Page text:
Summary: God takes us, sinners one and all – spiritual waifs, to be honest – and he “marries” himself to us. He redeems us from the estrangement sin has caused in our lives. He takes us under his wings; he covers us with his cloak. And we are restored.
One of the characters in Kent Haruf’s novel Plainsong is Victoria, a seventeen-year-old girl who is four months pregnant. When her boyfriend finds out about her condition, he breaks up with her. And when her mother finds out, she kicks her out of the house and says to her, “You got yourself into this mess, and you can get yourself out of it.” It is low point in the story, and your heart aches for young Victoria. She has been abandoned by the very people that should be surrounding her with their support.
That’s where the McPheron brothers come in. The author describes them as a pair of “crotchety” old cattle-farming bachelors who know more about cows than they do teenage girls. When they are asked to take her into their care, they have to think about it. I mean, who wouldn’t? Right? The author says, “They looked at her, regarding her as if she might be dangerous. Then they peered into the palms of their thick callused hands spread out before them on the kitchen table and lastly they looked out the window toward the leafless and stunted elm trees.” Then, before you know it, you see them rushing around shopping for cribs, stocking up on diapers and baby clothes, essentially winning the love of this hapless young girl, and watching over her with a tender – even if somewhat clumsy – tenacity, covering her with their protective resolve that no harm shall befall her, taking her under their wing, so to speak.
Seventeen-year-old Victoria reminds me of Ruth, who may not have been much more than seventeen herself. Here she was a widow, living as a stranger in the land, taking care of her mother-in-law Naomi, who is also widowed and bitter about it. Bitter about that and the fact that her now deceased husband had sold off the family’s land, had taken them into a foreign country, and then died on her, leaving her without anything. And not only that, but both her sons had died as well. And when she decided to come back home to Bethlehem, all she could say was, “I went away full, but the LORD has brought me back empty” (Ruth 1:21).
What we saw last week – remember: we were in chapter 2 of Ruth – and what we saw was Ruth going into the barley field to gather up any scraps that the harvesters might leave behind. And, as it turned out, she met Boaz, the wealthy landowner to whom the field belonged, and he had been kind to her, sending her home with almost more grain than she could carry.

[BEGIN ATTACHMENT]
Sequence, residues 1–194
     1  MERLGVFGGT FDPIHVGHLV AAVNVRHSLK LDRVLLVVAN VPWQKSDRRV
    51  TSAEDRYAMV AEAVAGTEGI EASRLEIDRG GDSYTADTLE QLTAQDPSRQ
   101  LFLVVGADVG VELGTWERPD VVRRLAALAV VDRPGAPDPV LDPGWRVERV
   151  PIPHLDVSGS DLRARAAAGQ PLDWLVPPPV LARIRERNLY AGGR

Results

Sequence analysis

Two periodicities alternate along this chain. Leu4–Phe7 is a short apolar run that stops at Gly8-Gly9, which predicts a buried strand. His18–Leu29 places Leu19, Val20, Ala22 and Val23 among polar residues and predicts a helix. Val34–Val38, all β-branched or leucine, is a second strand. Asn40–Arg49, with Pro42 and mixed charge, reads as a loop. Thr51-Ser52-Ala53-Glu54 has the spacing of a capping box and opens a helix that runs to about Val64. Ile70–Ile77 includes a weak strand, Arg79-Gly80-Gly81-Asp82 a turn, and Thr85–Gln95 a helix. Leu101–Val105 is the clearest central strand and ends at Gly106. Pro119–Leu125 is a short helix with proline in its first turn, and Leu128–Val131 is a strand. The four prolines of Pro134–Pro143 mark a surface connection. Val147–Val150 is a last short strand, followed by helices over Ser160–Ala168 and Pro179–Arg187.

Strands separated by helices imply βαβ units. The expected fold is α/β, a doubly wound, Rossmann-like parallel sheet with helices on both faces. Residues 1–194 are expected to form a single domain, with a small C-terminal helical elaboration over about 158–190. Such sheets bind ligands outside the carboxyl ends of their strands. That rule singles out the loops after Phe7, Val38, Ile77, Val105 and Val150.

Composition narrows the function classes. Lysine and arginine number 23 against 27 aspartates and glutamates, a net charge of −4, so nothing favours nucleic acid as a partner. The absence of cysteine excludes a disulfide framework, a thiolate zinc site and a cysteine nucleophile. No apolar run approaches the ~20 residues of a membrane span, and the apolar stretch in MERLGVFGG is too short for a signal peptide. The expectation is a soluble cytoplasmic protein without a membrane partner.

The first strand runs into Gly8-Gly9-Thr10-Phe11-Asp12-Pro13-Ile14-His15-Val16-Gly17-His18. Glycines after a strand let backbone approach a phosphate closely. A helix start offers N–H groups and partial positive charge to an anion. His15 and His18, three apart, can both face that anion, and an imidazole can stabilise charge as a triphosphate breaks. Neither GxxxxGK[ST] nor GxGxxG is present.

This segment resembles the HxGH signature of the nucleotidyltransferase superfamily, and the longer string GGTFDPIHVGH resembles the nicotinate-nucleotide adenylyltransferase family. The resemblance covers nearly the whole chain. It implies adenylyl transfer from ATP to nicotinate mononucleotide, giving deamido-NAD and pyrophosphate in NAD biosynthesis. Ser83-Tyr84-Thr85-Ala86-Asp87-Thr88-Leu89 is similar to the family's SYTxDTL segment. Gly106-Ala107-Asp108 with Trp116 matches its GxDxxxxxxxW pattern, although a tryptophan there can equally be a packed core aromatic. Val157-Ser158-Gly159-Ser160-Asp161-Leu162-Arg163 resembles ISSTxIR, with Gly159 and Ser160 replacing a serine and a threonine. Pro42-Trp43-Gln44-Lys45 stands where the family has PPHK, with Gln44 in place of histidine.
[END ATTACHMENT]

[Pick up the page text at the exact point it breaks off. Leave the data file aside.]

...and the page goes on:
When Ruth told Naomi about the generosity of Boaz, Naomi had a sudden change of heart about God. Before this, she had accused him of dealing harshly with her (1:21), but now she praised the Lord, “whose kindness,” she said, “has not forsaken the living or the dead” (2:20).
This is a key understanding in the book of Ruth. No matter what the circumstances, God’s grace is yet on the move. No matter how contrary it seems to appearances, God’s providence is at work behind the scenes. James Lowell’s great hymn reminds us: “Though the cause of evil prosper, yet the truth alone is strong. Though her portion be the scaffold, and upon the throne be wrong, yet that scaffold sways the future, and behind the dim unknown standeth God within the shadow, keeping watch above his own.”
In other words, even though we may not notice it at first, we come to see the hand of God in everything. We see it when the unlikely McPheron brothers intervene on young Victoria’s behalf. We see it when Boaz intervenes on young Ruth’s behalf. And we see it when Christ intervenes on our behalf.
Naomi is beginning to get the picture, too. With the words of praise for God fresh on her lips, Naomi tells Ruth something about Boaz – something that can be explained only by taking into account the providence of God. She says to Ruth, “The man is a relative of ours, one of our nearest kin” (2:20).
This is an important detail, because it brings to light one of the wonderful provisions of God for his people in the Law of Moses. It is called the law of the kinsman-redeemer. Keep in mind what Naomi said to Ruth: that Boaz was “a relative…, one of our nearest kin.” So what? you say. Here’s the deal: It was part of God’s gracious covenant provision in ancient Israel that there would be certain protective measures in place for his people. If a family had to sell its land to pay off debts, or if a person had to indenture himself to square things up with his creditors, or even if a man died without an heir, it was the responsibility of the next of kin to be a redeemer – that is, to buy back the land, or secure the freedom of his kinsman, or to marry the widow of the deceased relative.